Residents, tourists, and archaeologists have hailed construction of Rome’s newest metro line–not only will it improve transportation across the city, it has also uncovered some striking archaeological finds, including bronze coins, pottery, and 2,000-year-old military barracks complete with mosaic flooring. While these discoveries further enrich our understanding of ancient Rome and add to the tapestry of Italy’s cultural heritage, such chance finds also face great danger. Italian patrimony has long been threatened by looting, with many priceless artifacts disappearing into the black market. These finds demonstrate how much of Italy’s past still remain uncovered, and thus at risk of falling into the wrong hands, only to be later sold to finance criminal activity or even terrorism.
Looting in Italy has been so dire that in 2001 a bilateral agreement was signed by the Italian and U.S. governments to protect the country’s heritage, imposing import restrictions on pre-Classical, Classical, and Imperial Roman archaeological materials in stone, metal, ceramic, glass, and painting. Later amended to include ancient coins, the Memorandum of Understanding (MOU) remains in effect until 2021, when Italy will again have the chance to renew. Another extension will likely be needed, as, despite international cooperation to stem the tide of looted antiquities, Italy’s heritage remains under threat.
A string of recent cases illustrates the peril to Italian patrimony even after the signing of the MOU. Jason Felch and Ralph Frammolino’s 2011 book Chasing Aphrodite details how the Getty Museum bought looted Italian artifacts for years, ending in the trial of its antiquities curator in Italy and the return of a number of objects in the Getty’s collection. Today, the Getty Museum is entrenched in a legal battle over its “Victorious Youth” statue discovered off the coast of Italy, as Italian courts demand the bronze’s restitution. In the summer of 2017, a 2,300-year-old krater was returned by the Met after it was suspected of being looted. Most recently, the Italian Carabinieri, in cooperation with police units in Germany, the UK, and Spain, busted a decades-old international smuggling ring dealing in plundered Sicilian antiquities. Massive raids, as part of a sting dubbed Operation Demetra, resulted in at least forty-one detainments and the seizure of more than 25,000 objects. In fact, in a speech at the Smithsonian hosted by the Antiquities Coalition, Brigadier General Fabrizio Parrulli, head of the Carabinieri’s cultural heritage division, estimated that just in the last year, the Carabinieri seized around 300 million euros worth of stolen and illegally excavated artworks. Despite an MOU, repatriations, arrests, and seizures, looting shows little sign of slowing down in Italy.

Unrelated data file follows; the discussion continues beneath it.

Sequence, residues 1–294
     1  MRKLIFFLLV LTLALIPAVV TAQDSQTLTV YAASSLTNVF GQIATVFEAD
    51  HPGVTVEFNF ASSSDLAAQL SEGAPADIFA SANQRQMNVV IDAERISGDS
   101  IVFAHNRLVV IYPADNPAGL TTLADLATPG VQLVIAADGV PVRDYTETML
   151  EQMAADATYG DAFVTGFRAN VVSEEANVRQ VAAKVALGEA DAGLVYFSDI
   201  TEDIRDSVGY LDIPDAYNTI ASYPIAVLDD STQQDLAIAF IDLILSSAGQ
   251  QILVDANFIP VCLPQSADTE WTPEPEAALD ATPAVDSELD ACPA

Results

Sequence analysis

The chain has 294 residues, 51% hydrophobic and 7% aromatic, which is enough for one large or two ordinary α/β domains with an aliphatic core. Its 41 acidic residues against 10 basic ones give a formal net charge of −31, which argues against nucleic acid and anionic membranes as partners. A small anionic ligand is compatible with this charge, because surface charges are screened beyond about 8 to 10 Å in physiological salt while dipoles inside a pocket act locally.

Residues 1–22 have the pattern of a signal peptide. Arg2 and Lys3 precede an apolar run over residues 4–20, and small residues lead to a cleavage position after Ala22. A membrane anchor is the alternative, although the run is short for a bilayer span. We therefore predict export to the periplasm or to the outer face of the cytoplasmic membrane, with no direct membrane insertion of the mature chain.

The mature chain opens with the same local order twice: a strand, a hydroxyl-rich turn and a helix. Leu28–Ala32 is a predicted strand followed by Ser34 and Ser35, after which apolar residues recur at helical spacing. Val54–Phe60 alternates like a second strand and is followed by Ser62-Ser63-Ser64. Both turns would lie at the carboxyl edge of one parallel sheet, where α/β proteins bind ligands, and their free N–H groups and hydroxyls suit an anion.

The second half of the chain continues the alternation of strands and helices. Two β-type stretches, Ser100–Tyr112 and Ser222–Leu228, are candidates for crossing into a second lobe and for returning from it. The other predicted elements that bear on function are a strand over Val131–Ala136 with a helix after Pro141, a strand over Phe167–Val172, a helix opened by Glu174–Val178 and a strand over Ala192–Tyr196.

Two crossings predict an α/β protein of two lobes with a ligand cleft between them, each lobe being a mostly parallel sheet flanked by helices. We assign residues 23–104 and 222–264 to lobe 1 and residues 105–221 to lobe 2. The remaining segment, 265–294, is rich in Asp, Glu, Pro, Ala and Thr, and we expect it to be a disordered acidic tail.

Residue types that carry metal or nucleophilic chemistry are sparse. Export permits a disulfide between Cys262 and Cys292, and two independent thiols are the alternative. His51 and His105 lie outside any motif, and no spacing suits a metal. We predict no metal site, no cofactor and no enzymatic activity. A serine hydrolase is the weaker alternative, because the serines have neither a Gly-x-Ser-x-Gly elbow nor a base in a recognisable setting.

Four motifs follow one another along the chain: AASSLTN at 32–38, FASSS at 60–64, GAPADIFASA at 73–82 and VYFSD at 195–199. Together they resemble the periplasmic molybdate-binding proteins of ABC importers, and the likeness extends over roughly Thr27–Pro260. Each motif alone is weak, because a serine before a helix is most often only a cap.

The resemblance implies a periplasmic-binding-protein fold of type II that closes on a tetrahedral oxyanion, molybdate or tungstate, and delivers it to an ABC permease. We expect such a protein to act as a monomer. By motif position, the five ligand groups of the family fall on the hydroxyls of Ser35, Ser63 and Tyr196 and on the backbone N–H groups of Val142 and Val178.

Thankfully, Italy has a specialized police unit in cultural property, the Carabinieri Command for the Protection of Cultural Heritage (Carabinieri TPC). Established in 1969 as the world’s first art crime squad, the Carabinieri TPC works to combat theft, illegal excavations of archaeological sites, and trafficking and counterfeiting of stolen property. Operation Demetra is just one example of the Carabinieri TPC’s success in combating the global trade in illicit Italian antiquities and in protecting their nation’s history.
The Carabinieri’s fight to protect Italian heritage has spanned decades and will probably last decades more. Archaeological discoveries, like the ones lying under the yet-to-be-completed C line, are constant, revealing entire new troves of precious artifacts that can easily land in the hands of looters. When an object is stolen, potential knowledge gained through them is lost since they require careful study, and plundered treasures often quickly vanish from the market to be hidden away in private collections or storage facilities. Despite their diligent work, the Carabinieri cannot prevent the massive scale of looting in Italy alone. Protecting Italian heritage requires the collaboration of archaeologists, customs officials, dealers, collectors, and international police, because when Italy loses its past, so does the world. Antiquities tell us so much about ourselves–where we have come from, the achievements we have made, the bounds of human innovation and artistic creativity–and are worth our shared efforts for their protection.
Ali Tyler is an intern at the Antiquities Coalition and a student at George Washington University, where she studies art history. If you are interested in interning at the Antiquities Coalition please send a resume and cover letter to firstname.lastname@example.org.